|M. CHERIF BASSIOUNI||THOMAS BUERGENTHAL||ANTÔNIO CANÇADO TRINDADE|
Claudio Grossman is Professor of Law, Dean Emeritus, and the Raymond Geraldson Scholar for International and Humanitarian Law at American University Washington College of Law (WCL). Professor Grossman served as WCL dean from 1995-July 2016, at which time he decided to return to the faculty. He was appointed Dean Emeritus by American University's (AU) Board of Trustees in recognition of over two decades of commitment, dedication and distinction. Throughout his academic career, Professor Grossman has contributed to promoting the rule of law, human rights and legal education in both international and domestic organizations. Professor Grossman has been consistently recognized as one of the top 25 most influential people in legal education. He has also received numerous awards for his work with human rights and international law, including the Harry LeRoy Jones Award from the Washington Foreign Law Society and the René Cassin Award from B'nai B'rith International in Chile. Professor Grossman is the author of numerous publications regarding international law, international organizations and human rights. For a complete listing of publications and awards, see Professor Grossman’s CV.
Robert K. Goldman is Professor of Law and Louis C. James Scholar at American University's Washington College of Law, where he has taught since 1971. Professor Goldman is also Co-Director of the Law School's Center for Human Rights and Humanitarian Law and Faculty Director of the War Crimes Research Office. He was a member of the Inter-American Commission on Human Rights from 1996 to 2003 and its President from March 1999 to March 2000. From July 2004 to August 2005, he was the U.N. Human Rights Commission's Independent Expert on the Protection of Human Rights and Fundamental Freedoms while Countering Terrorism. Professor Goldman teaches and publishes on subjects relating to International Law, Human Rights Law and International Humanitarian Law. He is co-author, with Claudio Grossman, Claudia Martin and Diego Rodriquez, of The International Dimension of Human Rights: A Guide For Application in Domestic Courts (2002).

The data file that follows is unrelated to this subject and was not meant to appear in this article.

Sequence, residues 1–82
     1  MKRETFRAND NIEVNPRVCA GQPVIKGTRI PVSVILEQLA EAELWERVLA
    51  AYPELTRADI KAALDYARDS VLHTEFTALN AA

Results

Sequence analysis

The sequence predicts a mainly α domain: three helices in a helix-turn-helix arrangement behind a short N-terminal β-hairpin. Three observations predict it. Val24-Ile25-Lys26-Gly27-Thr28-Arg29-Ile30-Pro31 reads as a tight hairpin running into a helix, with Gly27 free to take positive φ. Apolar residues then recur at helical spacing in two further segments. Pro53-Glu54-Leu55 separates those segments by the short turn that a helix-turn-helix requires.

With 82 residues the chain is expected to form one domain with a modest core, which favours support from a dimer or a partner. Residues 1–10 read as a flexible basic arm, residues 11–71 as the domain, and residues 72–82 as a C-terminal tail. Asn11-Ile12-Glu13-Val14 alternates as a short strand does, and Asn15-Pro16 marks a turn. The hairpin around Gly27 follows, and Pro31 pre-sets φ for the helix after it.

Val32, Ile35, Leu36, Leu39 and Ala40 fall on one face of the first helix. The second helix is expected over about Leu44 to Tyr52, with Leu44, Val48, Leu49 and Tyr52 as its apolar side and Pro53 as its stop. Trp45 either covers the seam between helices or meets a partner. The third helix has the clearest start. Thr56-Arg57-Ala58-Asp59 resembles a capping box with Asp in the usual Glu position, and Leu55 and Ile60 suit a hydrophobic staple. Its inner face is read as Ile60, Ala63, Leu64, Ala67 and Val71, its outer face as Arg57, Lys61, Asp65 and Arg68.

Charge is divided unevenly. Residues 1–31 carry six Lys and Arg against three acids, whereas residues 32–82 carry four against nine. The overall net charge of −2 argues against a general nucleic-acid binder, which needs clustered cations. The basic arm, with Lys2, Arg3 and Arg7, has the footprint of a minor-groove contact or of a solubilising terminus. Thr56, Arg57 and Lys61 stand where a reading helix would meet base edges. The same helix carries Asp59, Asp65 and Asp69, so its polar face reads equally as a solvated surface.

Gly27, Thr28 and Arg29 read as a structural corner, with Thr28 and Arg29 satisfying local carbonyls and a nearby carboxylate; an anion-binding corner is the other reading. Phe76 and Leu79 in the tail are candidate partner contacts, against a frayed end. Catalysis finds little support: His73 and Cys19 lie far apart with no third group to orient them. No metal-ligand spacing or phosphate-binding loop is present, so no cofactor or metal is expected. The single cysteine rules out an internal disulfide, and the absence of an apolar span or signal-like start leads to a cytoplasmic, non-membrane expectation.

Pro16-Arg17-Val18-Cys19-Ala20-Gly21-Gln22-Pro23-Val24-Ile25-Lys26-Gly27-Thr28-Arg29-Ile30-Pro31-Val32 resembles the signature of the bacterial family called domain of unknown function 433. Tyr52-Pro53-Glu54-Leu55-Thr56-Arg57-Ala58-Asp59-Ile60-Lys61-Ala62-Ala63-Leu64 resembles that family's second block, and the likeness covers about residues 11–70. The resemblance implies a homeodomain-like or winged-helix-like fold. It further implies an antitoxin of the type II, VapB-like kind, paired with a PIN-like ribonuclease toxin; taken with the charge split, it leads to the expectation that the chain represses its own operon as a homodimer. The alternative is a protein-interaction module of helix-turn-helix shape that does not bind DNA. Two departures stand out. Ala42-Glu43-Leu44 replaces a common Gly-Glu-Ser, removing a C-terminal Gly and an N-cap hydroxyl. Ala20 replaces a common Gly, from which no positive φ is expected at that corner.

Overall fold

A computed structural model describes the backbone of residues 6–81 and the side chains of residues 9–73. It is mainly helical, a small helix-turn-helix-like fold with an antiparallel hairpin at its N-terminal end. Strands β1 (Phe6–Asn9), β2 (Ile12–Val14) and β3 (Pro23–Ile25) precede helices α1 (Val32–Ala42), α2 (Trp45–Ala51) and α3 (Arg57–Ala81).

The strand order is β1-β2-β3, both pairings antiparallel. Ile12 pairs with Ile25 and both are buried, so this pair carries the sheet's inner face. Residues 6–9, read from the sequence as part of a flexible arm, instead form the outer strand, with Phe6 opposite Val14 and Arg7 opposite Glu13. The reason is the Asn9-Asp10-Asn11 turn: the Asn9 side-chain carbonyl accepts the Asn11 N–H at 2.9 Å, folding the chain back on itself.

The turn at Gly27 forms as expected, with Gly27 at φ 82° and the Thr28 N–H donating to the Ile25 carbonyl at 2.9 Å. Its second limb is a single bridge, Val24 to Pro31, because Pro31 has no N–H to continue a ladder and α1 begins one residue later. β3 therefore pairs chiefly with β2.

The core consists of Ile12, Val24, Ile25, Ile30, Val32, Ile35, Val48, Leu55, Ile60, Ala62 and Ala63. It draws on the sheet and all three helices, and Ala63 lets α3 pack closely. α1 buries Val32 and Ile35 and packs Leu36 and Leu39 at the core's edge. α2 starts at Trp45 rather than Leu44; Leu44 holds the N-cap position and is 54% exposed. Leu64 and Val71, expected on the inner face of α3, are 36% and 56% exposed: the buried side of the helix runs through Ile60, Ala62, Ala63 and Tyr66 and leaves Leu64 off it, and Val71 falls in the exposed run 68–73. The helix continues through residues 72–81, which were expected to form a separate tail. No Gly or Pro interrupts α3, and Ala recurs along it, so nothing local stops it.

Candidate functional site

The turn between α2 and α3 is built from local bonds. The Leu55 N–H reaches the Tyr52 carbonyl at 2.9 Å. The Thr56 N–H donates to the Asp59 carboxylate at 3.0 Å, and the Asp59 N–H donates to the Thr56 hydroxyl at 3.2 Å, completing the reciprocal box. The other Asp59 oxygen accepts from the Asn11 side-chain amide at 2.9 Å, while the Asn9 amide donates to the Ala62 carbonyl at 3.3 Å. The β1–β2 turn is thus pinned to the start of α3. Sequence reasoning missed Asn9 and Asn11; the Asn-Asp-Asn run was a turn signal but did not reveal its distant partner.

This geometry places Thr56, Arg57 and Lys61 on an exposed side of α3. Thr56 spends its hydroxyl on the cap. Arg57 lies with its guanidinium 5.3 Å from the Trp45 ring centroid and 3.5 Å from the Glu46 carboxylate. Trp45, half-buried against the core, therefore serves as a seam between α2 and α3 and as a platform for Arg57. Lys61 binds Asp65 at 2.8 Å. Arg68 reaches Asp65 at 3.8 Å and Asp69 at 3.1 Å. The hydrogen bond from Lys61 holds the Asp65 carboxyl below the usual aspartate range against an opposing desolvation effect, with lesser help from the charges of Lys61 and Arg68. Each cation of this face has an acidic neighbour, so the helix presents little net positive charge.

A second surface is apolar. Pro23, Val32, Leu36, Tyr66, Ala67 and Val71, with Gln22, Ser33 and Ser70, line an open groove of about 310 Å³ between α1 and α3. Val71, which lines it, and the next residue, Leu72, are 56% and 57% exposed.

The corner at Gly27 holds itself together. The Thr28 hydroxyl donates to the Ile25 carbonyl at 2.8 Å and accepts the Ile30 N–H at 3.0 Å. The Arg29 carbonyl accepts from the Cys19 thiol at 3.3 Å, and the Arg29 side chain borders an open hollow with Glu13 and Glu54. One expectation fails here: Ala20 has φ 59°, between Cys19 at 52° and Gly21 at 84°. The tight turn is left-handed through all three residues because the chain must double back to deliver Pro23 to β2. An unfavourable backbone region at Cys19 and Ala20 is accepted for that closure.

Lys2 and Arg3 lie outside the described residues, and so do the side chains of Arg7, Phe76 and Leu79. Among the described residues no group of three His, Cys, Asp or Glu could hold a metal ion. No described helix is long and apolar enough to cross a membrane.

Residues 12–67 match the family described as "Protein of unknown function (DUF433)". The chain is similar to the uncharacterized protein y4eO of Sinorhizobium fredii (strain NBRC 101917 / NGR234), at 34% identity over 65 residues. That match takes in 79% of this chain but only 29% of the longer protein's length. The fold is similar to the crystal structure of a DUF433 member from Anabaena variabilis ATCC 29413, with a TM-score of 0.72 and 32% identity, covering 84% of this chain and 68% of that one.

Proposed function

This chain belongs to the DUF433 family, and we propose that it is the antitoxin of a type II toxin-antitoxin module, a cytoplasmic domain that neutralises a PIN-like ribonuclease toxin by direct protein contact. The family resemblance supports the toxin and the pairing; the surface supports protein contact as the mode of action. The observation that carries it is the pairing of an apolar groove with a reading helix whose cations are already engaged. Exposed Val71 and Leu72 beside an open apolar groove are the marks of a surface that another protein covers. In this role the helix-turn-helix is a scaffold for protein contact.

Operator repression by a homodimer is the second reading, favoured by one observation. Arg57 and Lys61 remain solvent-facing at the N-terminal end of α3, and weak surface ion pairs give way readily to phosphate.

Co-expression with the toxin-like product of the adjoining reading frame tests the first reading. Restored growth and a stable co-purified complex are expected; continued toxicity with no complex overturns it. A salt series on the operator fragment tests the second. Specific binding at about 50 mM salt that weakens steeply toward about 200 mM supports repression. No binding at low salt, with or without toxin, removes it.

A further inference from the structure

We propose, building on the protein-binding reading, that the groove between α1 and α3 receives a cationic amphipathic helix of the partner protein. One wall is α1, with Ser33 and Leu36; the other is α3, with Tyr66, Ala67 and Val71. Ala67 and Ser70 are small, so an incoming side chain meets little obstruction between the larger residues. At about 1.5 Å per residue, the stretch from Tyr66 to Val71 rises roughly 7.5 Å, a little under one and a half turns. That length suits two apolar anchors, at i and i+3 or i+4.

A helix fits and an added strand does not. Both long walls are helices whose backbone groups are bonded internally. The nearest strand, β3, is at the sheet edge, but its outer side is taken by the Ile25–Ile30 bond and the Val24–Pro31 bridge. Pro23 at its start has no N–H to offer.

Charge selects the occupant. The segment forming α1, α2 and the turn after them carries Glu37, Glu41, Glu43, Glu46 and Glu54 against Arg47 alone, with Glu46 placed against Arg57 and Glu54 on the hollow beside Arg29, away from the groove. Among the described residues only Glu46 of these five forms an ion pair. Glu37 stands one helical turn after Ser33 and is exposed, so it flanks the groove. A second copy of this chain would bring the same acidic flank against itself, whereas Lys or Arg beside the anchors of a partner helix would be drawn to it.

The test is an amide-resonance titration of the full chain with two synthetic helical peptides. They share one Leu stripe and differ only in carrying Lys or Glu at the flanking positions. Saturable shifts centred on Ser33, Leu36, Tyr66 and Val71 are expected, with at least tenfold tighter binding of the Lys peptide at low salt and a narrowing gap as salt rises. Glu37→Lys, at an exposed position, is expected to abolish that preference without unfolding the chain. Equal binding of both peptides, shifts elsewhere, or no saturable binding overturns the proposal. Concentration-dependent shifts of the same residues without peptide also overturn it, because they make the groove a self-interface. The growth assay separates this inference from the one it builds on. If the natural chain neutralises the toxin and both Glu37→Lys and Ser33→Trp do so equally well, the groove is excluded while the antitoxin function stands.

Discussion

Victor Abramovich is currently the director of the master's program at the Universidad Nacional de Lanús, Argentina. He has served as the Second Vice-president of the Inter-American Human Rights Commission (IAHRC) and as theCommissioner and the Special Rapporteur on the Rights of Women for the IAHRC. Prior to his work with the IAHRC, he was the Executive Director of Centro de Estudios Legales y Sociales (CELS), a consultant for the Inter-American Institute of Human Rights, a consultant of the Inter-American Development Bank, legal advisor of the Ombudsman office of Buenos Aires and he has worked with the U.N. Economic, Social and Cultural Rights Committee. Abramovich instructs the Human Rights course and directs the Human Rights Law Clinic at the University of Buenos Aires, and teaches at Universidad Nacional de Lanús, Argentina. Abramovich received his Juris Doctor from the University of Buenos Aires and his LLM from American University. He has written a number of articles, books and law reviews regarding human rights and the impact of litigation on economic, social and cultural rights.
Gudmundur Alfredsson is an Icelandic lawyer (M.C.J. - NYU ’76, S.J.D. - Harvard Law School ‘82). He is Professor in the Polar Law Master Program at the University of Akureyri, Invited Professor at the Law Faculty of the University of Strasbourg, Visiting Professor at the Raoul Wallenberg Institute of Human Rights and Humanitarian Law (RWI) in Lund, and Visiting Professor at the China University of Political Science and Law in Beijing. He was Law Professor at Lund University (1995-2008), Director of the RWI (1995-2006), staff member with the UN Secretariat in New York and Geneva (1983-95), Chairman of the UN Working Group on Minorities (2006), and a member of the UN Sub-Commission for the Promotion and Protection of Human Rights (2004-06). He was an expert member nominated by the Greenlandic Government on the Danish-Greenlandic Self-Governance Commission (2004-08). He is Editor-in-Chief of the Yearbook of Polar Law (with Timo Koivurova) and of the International Journal on Minority and Group Rights. He has edited several books and authored more than 200 scholarly articles in books, journals, and reports for global and regional organizations.